Kenya’s Illicit Alcohol Is A Double Shot of Danger And An Economic Hazard

By Juma / Published July 27, 2023 | 10:31 am




KEY POINTS

The Kenyan is losing an average of 71 billion shillings in taxes annually due to the sale of illicit alcohol. Euromonitor Consulting says that the volume of illicit alcohol sales has recorded strong growth in value around the country since 2020 to stand at 67 billion shillings.


Illicit Alcohol

KEY TAKEAWAYS


International Alliance for Responsible Drinking (IARD) says that up to 60 percent of alcohol in Kenya is illicit and dangerous, more than double previous estimates by the World Health Organization (WHO).


The world of illicit alcohol is not new in Kenya. It has been around for decades. It is a world of boozy bonanza where our health and economy are dancing the dangerous tango, and the stakes have never been higher.

The Kenyan is losing an average of 71 billion shillings in taxes annually due to the sale of illicit alcohol. Euromonitor Consulting says that the volume of illicit alcohol sales has recorded strong growth in value around the country since 2020 to stand at 67 billion shillings.

What is more, International Alliance for Responsible Drinking (IARD) says that up to 60 percent of alcohol in Kenya is illicit and dangerous, more than double previous estimates by the World Health Organization (WHO).

Related Content: Health Benefits of Alcohol You Didn’t Know About

The war against illicit alcohol, led by the Government of Kenya should be hailed. Deputy President Rigathi Gachagua has been leading the fight. But the fight seems to be creating more casualties and cultivating more illicit brewers than doing away with the vice.

No doubt brewed in the shadows of secrecy, this hazardous hooch often contains toxic substances that make even the boldest adventurers cringe. From methanol to embalming fluid, the contents of these black-market beverages read like a grocery list from hell. One sip, and you might find yourself not just in high spirits but in the emergency room, battling blindness, organ damage, or worse death.

There is also no doubt that illicit alcohol is a stealthy saboteur of Kenya’s economy. It is like an undercover agent, infiltrating the legitimate alcohol market and evading taxes, leaving the economy to nurse a nasty hangover.

Related Content: Alcohol Manufacturers Oppose Proposal To Pay Advance Excise Duty

The truth is when illicit alcohol sneaks its way into the scene, it’s a party crasher of epic proportions. Legitimate manufacturers, distributors, and retailers lose out big time as these back-alley bootleggers offer their untaxed tipples at bargain-basement prices. The government’s revenue takes a massive hit, and the funds that could have built schools, hospitals, and infrastructure evaporate like morning dew in the blazing sun.

As the government loses revenue, it tightens its belt, cutting back on essential services like healthcare and education. With fewer resources available to tackle public health issues, it becomes even harder to address the repercussions of the very same illicit alcohol that sparked the whole mess in the first place.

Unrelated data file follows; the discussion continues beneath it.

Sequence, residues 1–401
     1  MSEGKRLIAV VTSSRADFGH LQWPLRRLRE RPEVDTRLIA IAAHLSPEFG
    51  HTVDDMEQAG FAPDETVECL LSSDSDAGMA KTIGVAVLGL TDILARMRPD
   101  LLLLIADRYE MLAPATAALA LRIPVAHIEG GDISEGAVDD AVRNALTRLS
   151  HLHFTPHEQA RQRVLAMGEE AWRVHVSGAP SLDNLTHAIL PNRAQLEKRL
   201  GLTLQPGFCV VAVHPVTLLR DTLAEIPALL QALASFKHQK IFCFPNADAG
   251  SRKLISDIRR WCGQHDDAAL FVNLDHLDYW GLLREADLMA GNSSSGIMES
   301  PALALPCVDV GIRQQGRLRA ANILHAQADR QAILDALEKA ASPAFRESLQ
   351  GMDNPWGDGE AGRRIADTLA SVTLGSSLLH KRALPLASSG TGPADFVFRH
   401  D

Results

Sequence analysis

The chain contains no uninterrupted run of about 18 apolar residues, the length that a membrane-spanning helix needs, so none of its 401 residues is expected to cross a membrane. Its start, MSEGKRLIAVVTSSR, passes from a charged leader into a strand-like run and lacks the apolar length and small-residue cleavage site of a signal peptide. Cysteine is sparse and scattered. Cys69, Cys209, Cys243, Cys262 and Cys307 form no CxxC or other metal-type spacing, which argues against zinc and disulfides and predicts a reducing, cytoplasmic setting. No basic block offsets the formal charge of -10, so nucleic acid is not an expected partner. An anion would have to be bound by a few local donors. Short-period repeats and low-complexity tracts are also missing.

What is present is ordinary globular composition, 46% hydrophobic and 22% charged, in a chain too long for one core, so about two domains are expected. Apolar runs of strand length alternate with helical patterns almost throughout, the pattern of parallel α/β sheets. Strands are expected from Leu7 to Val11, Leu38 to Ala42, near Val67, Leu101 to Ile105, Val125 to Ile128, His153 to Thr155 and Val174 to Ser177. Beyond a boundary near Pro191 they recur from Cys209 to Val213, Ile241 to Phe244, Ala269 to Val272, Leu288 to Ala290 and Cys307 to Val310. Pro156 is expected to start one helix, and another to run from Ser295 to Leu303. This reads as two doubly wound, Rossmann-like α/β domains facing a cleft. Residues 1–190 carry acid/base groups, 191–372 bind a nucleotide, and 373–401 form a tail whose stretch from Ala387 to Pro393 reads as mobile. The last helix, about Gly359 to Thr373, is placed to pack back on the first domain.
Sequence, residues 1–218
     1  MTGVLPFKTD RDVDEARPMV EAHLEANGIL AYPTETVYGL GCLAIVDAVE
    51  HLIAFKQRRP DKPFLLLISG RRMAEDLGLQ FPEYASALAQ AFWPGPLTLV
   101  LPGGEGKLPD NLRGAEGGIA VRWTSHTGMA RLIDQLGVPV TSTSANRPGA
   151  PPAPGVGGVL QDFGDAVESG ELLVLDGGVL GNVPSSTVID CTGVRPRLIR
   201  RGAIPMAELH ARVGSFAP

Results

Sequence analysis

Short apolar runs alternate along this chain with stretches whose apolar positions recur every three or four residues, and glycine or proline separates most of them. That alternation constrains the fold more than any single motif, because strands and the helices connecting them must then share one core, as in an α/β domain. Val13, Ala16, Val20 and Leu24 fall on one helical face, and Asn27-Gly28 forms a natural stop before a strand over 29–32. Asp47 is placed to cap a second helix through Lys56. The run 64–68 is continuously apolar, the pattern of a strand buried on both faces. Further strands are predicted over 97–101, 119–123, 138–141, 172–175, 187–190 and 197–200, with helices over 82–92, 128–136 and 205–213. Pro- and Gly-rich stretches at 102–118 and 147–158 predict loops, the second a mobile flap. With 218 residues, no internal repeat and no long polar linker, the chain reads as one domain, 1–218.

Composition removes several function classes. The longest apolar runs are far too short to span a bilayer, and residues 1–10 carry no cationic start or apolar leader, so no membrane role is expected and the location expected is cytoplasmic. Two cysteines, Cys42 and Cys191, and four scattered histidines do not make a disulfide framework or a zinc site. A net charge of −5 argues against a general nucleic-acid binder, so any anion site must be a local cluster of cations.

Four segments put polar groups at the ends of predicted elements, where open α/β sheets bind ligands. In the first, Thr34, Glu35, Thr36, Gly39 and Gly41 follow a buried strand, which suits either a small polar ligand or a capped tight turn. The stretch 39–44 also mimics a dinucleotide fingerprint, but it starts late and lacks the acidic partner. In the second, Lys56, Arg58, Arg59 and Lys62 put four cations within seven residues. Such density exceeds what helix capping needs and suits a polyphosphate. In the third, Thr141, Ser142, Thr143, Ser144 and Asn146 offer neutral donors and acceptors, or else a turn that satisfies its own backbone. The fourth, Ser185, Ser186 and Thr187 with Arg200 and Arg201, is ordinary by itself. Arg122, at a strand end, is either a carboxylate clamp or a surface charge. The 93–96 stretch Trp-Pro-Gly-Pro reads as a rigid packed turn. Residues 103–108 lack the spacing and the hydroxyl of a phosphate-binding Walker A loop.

The real secret ingredient to success in fighting illicit alcohol lies in awareness. It’s up to each one of us to spread the word, educate our communities, and choose our libations wisely. If we support local, legitimate producers and refuse to partake in the dangerous dance of illicit alcohol, we can safeguard both our health and our economy.

But wait, there is something that we are not seeing here. The government is leading the fight against illicit alcohol. Yes. But it is the same government, through retrogressive policies that seems to be fueling the already furnace-hot illicit brew den.

Related Content: Is Closure Of Bars The Only Way To Fight Alcoholism In Central Kenya?

So far, it is estimated that more than 5000 bars, wines, and spirits outlets have been shut down. Most of these businesses that have been shut down are legitimate businesses that have created employment and act as a source of revenue for the government.

In the words of the Alcoholic Beverages Association of Kenya (ABAK), for instance, the move by the government to compel legal alcohol manufacturers to pay excise duty within 24 hours upon removal of goods from the stockroom is a policy proclamation that will punish innocent players due to failures in managing illicit alcohol in Kenya. If anything, this will have some finding avenues to avoid paying, not because they want to but because they want to sustain their business. It is like the government shooting itself in the foot.

Let us support the war against illicit alcohol but let us be careful not to fuel more illicit brews and kill legitimate businesses.

Related Content: Hail For the Fight Against Illicit Alcohol, But Careful Not To Harm Genuine Businesses




About Juma

Juma is an enthusiastic journalist who believes that journalism has power to change the world either negatively or positively depending on how one uses it.(020) 528 0222 or Email: info@sokodirectory.com

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